The race in Texas’s 28th District is notable for another reason, too: It’s another example of younger progressives taking on moderate Democrats, who are often backed by very established political players. Unfortunately, there haven’t been any polls fielded here since the March primary, so it’s hard to know who has the advantage, but fundraising suggests that this will be another tight race. Both candidates have high-dollar groups contributing on their behalf — like EMILY’s List for Cisneros and Mainstream Democrats PAC for Cuellar. Meanwhile, pre-runoff FEC reports for both candidates show that each has a little over $1 million cash on hand.

While the 28th District leans Democratic, there’s also a Republican matchup taking place tomorrow between Cassy Garcia, a former staffer for Sen. Ted Cruz, who endorsed her, and Sandra Whitten, the 2020 GOP nominee for the seat. In March, Garcia earned 24 percent of the vote to Whitten’s 18 percent. According to some reports, though, Garcia, who has the backing of the GOP congressional establishment, is considered the favorite heading into Tuesday.  

Further east, in the state’s 15th District, voters are poised to see another timeworn matchup between a progressive and a moderate Democrat. But what makes this seat — currently held by Rep. Vicente Gonzalez, who is now running in a neighboring district — arguably carry even higher stakes than the 28th District is that Republicans view it as among the most flippable this fall. Though Biden carried the district in 2020, the once-in-a-decade reapportionment process made the seat more GOP-friendly and, in turn, provides Republicans with a ripe pickup opportunity come November. The Democratic candidates going toe-to-toe on Tuesday are lawyer and Army veteran Ruben Ramirez and activist and small business owner Michelle Vallejo. In the March primary, Ramirez led with 28 percent of the vote, compared with Vallejo’s 20 percent. 

More recent FEC reports, however, show that Vallejo has more cash on hand. And while we also don’t have much polling on this race, an April survey conducted by GBAO on behalf of 314 Action, an advocacy group that works to elect STEM professionals to public office and is supporting Ramirez, has Ramirez trailing Vallejo by 12 percentage points (49 percent to 37 percent). Whoever wins tomorrow’s race, though, will face a formidable challenge this fall: Republican Monica De La Cruz, who handily won her primary race in March and already has the support of Congress’s GOP establishment and Trump.

Minnesota Republican Party chair Jennifer Carnahan
Jennifer Carnahan, the former chair of the Minnesota Republican Party, may be the biggest name in the GOP primary for the state’s 1st Congressional District.

Stephen Maturen / Getty Images


Races to watch: 1st Congressional District

Polls close: 9 p.m. Eastern

Minnesota’s primaries are actually on Aug. 9, but we’re getting an appetizer of sorts due to the special election in the state’s 1st Congressional District. After the death of former Republican Rep. Jim Hagedorn in February, both parties will choose their nominees to replace him on Tuesday.

The biggest name in the 10-person Republican field is former Minnesota Republican Party Chair Jennifer Carnahan, who is also Hagedorn’s widow. But both of those connections come with baggage. Carnahan was forced to resign as state party chair last year after a top donor with whom she was close was indicted for child sex trafficking. Though she denied knowledge of the crimes, multiple former party employees also took the opportunity to accuse Carnahan of covering up workplace sexual harassment and fostering a hostile work environment. She was also recorded in December 2020 saying of her husband, “I don’t care. Jim, he’s going to die of cancer in two years. So be it.” Since Hagedorn’s death, his family has also sued her over what they claim is a failure to repay medical expenses.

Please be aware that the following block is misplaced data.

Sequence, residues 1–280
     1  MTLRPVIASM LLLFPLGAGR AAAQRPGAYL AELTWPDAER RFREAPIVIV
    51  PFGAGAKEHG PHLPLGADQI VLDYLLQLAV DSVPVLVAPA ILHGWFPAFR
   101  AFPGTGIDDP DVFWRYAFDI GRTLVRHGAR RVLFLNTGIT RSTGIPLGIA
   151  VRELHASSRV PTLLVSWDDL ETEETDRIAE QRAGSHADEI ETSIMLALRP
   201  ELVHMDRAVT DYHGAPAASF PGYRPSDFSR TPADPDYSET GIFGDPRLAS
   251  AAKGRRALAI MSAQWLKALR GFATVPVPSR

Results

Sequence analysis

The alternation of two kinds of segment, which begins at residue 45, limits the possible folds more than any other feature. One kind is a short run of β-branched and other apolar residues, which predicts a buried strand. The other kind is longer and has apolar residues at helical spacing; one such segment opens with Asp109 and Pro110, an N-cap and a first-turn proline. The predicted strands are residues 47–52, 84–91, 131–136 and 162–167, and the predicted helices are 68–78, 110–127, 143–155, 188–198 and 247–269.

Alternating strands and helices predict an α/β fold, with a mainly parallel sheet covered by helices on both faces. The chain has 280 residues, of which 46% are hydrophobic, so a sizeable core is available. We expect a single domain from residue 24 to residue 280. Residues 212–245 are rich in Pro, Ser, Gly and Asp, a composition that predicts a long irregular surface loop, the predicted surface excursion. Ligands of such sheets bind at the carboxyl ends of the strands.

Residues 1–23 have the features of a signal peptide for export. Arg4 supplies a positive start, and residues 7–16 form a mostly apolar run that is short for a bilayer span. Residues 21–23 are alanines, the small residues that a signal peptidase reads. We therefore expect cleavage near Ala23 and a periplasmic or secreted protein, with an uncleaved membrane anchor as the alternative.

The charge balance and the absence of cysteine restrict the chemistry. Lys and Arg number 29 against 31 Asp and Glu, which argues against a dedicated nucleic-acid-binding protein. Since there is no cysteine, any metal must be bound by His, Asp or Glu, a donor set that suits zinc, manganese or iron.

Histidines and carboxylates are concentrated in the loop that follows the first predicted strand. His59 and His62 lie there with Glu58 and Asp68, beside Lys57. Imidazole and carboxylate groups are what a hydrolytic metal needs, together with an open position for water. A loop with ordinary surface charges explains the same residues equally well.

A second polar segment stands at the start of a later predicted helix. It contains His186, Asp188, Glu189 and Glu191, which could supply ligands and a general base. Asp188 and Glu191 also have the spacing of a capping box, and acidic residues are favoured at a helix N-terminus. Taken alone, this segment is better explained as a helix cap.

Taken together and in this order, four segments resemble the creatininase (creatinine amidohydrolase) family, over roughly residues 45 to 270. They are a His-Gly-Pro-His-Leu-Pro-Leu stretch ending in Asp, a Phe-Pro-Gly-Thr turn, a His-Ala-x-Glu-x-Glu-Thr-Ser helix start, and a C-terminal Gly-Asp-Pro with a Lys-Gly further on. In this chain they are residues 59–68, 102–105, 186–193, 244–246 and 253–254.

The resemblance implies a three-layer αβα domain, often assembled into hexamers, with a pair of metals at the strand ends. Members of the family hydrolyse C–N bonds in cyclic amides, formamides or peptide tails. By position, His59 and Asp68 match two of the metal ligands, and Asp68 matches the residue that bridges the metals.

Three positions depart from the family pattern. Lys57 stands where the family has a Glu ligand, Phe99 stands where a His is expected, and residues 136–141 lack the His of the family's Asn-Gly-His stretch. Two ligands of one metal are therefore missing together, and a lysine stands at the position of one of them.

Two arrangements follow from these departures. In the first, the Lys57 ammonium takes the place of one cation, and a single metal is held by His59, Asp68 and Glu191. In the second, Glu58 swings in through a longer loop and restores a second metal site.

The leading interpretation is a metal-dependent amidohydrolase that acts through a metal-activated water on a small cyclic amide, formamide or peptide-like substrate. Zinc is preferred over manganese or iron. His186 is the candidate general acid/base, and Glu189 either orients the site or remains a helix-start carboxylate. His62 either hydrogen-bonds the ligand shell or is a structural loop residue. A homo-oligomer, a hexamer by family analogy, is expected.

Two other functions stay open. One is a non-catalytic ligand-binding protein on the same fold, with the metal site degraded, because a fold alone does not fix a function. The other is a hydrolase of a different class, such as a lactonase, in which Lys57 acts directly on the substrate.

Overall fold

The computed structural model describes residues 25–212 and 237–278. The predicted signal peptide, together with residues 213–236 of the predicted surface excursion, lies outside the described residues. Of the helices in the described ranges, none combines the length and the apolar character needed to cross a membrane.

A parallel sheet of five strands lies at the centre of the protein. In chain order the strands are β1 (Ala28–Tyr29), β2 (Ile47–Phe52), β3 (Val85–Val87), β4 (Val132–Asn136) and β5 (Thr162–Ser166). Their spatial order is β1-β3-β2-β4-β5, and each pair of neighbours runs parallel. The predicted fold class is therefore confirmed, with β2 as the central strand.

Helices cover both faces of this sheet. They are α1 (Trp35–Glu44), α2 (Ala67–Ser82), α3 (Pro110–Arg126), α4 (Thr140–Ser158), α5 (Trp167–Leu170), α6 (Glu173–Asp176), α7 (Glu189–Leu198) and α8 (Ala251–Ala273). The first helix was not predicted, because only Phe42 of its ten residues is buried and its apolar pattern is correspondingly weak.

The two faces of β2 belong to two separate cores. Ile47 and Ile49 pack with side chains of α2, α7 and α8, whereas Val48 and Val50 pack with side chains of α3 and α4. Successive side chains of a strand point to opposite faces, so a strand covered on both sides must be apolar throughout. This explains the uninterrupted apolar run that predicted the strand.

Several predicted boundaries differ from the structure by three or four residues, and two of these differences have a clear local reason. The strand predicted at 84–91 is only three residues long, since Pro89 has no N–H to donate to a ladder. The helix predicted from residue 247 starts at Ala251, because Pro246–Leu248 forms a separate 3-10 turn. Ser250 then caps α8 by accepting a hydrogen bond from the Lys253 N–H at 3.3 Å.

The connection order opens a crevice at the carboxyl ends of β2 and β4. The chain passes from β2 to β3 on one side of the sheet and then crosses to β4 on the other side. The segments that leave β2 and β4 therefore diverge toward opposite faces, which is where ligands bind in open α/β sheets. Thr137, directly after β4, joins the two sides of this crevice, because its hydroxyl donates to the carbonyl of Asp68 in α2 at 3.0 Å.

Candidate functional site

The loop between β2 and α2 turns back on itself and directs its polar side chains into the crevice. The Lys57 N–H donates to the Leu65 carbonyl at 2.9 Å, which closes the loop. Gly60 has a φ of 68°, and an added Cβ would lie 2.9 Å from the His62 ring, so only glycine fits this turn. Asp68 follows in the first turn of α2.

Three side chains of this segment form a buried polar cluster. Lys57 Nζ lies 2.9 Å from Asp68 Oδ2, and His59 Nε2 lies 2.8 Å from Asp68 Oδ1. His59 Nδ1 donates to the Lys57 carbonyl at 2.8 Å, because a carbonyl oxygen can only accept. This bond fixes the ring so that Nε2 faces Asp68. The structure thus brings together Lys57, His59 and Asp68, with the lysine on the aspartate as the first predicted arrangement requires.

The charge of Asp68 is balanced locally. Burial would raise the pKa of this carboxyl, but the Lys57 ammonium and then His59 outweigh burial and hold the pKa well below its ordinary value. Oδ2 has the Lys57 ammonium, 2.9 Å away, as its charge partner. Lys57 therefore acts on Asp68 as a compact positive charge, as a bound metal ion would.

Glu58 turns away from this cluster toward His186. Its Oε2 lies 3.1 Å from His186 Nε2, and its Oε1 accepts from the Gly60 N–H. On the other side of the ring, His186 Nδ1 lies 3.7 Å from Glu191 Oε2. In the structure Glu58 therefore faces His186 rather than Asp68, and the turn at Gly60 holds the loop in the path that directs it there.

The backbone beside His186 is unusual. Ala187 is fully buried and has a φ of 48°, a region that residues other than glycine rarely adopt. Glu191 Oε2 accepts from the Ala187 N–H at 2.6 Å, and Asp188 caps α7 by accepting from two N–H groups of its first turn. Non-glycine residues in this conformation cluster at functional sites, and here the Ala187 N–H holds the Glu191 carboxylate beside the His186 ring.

Carnahan has raised more money ($403,765) than any of her opponents, but she’s closely followed by state Rep. Jeremy Munson ($363,120) and former Department of Agriculture official Brad Finstad ($244,069). A super PAC affiliated with Sen. Rand Paul has also spent $1.3 million promoting Munson, who is known for his obstructionism in the state legislature. (Perhaps it’s no surprise, then, that he’s endorsed by anti-establishment Republicans like Paul and Rep. Jim Jordan, as well as tea-party group FreedomWorks.) On the opposite end of the spectrum, though, Finstad has benefited from $915,787 from Defending Main Street, a group that works to elect “candidates who are ready to work across the aisle to get things done.” The only polling we’ve seen here is an internal poll from Carnahan’s campaign that gave her the lead, but the poll is more than a month old and didn’t exactly come from an unbiased source in the first place.

On the Democratic side, former Hormel Foods CEO Jeffrey Ettinger looks likely to emerge as the nominee, having outraised his closest rival $423,338 to $36,305. But he’ll face an uphill climb in the Aug. 9 general election: While this southern Minnesota district elected a Democrat as recently as 2016, it rocketed rightward during the 2010s and now has a FiveThirtyEight partisan lean1 of R+14.

And that’s just what’s at stake on Tuesday before we get to Georgia! Our colleague Geoffrey Skelley will be out with a primary preview of the Peach State tomorrow morning. Then our primary coverage will continue on Tuesday night with a live blog of the results as they roll in. We hope you’ll join us!

David Perdue one of many ‘big lie’ supporters running in Georgia | FiveThirtyEight


  1. Partisan lean is the average margin difference between how a state or district votes and how the country votes overall. This version of partisan lean, meant to be used for congressional and gubernatorial elections, is calculated as 50 percent the state or district’s lean relative to the nation in the most recent presidential election, 25 percent its relative lean in the second-most-recent presidential election and 25 percent a custom state-legislative lean.

Nathaniel Rakich is a senior editor and senior elections analyst at FiveThirtyEight.

Alex Samuels was a politics reporter at FiveThirtyEight.